SACRAMENTO, Calif. — In his first year in office, Gov. Gavin Newsom (D-California) already faces two separate efforts to force him to stand for a recall election.
While that may sound like a serious threat, California’s political history indicates that Gov. Newsom has little reason to worry - at least for now.
Newsom’s honeymoon with the voters shows signs of slowing. A recent poll found his approval rating in a statistical tie—hardly impressive for a person who won office with more than 60 percent of the vote.
However, there's an ardent minority of people who'd like to show Newsom the door. The very idea ignites passionate arguments online.
But, there’s a simpler truth that might keep Newsom from sweating these recall attempts: it’s very easy to start a recall petition in California, but difficult to see the process through to completion.
THE RECORD AGAINST STATEWIDE RECALLS IS 86-1
In the 108 years that California has had the ability to recall its leaders, people have tried 86 times to recall statewide officeholders, according to the Secretary of State's office.
Only one of those efforts actually succeeded in forcing a recall election to happen: the successful 2003 recall of Democratic Gov. Gray Davis.
Voters terminated Davis and replaced him with Republican Arnold Schwarzenegger.
That was very much the exception, and it came at a time when Californians were eager to hold someone responsible for a massive energy crisis, which was among other political headwinds for Davis.
During the other 85 statewide recall attempts, we never got to the point of casting ballots. The signature petitions all failed to qualify for an election.
And yet, recall efforts have become the norm - something every governor of California should expect to deal with. It's a trend that appears to be gaining steam in recent decades.
Newsom’s Democratic predecessor Jerry Brown faced five recall petitions in his second stint as governor. He had faced five more the first time he held the governor’s office and another two as state Attorney General.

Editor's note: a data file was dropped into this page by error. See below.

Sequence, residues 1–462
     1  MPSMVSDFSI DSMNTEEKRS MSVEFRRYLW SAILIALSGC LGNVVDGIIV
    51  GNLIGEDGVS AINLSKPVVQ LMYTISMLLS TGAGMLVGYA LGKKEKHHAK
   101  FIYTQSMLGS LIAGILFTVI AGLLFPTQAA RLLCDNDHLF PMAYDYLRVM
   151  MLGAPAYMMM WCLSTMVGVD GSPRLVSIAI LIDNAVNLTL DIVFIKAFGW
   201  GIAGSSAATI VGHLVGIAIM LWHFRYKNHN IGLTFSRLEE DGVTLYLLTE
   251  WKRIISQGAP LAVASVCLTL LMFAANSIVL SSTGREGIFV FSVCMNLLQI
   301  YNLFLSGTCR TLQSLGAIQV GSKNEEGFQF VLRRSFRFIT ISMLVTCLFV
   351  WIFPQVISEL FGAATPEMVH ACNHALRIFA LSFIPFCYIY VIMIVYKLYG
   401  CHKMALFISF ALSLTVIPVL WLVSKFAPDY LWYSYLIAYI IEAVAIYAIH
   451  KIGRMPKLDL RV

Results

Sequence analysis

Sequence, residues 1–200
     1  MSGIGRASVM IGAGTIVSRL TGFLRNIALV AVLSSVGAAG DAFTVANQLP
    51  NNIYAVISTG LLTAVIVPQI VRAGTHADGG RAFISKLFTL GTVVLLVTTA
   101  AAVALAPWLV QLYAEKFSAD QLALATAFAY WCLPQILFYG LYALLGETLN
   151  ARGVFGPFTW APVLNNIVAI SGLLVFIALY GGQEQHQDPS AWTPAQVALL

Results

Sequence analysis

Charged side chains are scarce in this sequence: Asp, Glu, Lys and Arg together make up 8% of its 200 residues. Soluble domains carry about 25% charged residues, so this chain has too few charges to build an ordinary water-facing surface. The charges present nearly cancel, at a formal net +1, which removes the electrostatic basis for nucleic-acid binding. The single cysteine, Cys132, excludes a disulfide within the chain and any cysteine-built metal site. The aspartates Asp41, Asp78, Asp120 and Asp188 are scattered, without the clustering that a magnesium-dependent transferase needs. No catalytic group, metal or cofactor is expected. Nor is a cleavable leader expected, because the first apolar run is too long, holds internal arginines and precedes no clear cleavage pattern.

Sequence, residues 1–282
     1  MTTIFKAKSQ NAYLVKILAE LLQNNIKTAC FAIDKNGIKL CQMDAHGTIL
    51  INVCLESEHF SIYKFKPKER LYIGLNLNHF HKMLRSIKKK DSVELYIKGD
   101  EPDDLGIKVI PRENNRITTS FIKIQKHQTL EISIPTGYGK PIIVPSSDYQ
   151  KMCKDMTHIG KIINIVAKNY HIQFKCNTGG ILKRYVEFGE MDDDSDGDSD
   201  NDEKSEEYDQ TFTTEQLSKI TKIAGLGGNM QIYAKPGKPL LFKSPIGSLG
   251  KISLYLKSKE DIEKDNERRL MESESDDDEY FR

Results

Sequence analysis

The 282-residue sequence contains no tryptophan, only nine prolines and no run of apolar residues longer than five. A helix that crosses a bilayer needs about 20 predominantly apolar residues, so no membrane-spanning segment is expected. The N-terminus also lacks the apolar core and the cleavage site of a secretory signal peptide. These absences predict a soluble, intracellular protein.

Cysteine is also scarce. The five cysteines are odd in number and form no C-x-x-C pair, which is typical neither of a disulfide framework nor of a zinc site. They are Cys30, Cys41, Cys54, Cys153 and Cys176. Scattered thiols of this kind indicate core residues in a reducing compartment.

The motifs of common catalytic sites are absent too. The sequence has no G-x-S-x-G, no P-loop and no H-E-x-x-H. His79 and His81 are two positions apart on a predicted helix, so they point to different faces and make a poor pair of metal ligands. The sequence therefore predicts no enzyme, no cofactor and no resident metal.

Schwarzenegger had to deal with seven different recall attempts.
However, Davis' recall remains the only one that ever even qualified for an election.
OTHER POTENTIAL MOTIVES AT PLAY
The two pending recall petitions aiming to force a do-over of Newsom’s election both share one common thread: their sponsors have more at stake than Newsom’s political future.
The current recall efforts were each filed by GOP candidates hoping to be elected to Congress in Southern California, both of whom have tried and failed to win seats in Congress before.
Both candidates have plenty to gain by making a big deal of the fact that they’re working to recall Newsom: it’s a politically attractive thing to brag about in a stump speech for Congress.
The recall petitions are focused on opposition to Newsom's liberal policies. For example, both petitions take aim at his efforts to help immigrants.
In the meantime, Newsom's official response, which has to be included on the petition voters will be asked to sign, focuses more on the practical. It argues that the recall is unlikely to succeed and that a special election would cost taxpayers tens of millions of dollars for no good reason.
WHAT IT TAKES TO SUCCEED IN A RECALL
Supporters of these recall efforts will need time, money, and organization if they actually hope to pose a serious threat to the governor.
Not only do they need to gather 1.5 million signatures from voters - they have to do it in at least 5 different counties.
That takes a lot of people with clipboards - standing for a lot of hours - at a lot of grocery stores all across the land.
Barring an infusion of money from sources who believe the recall effort might actually succeed - or some unforeseen scandal that upends Newsom’s base of support - he likely has little reason to fear these challenges.
But, there is some time to play with. The two recall efforts do have until early 2020 to gather all the signatures they can.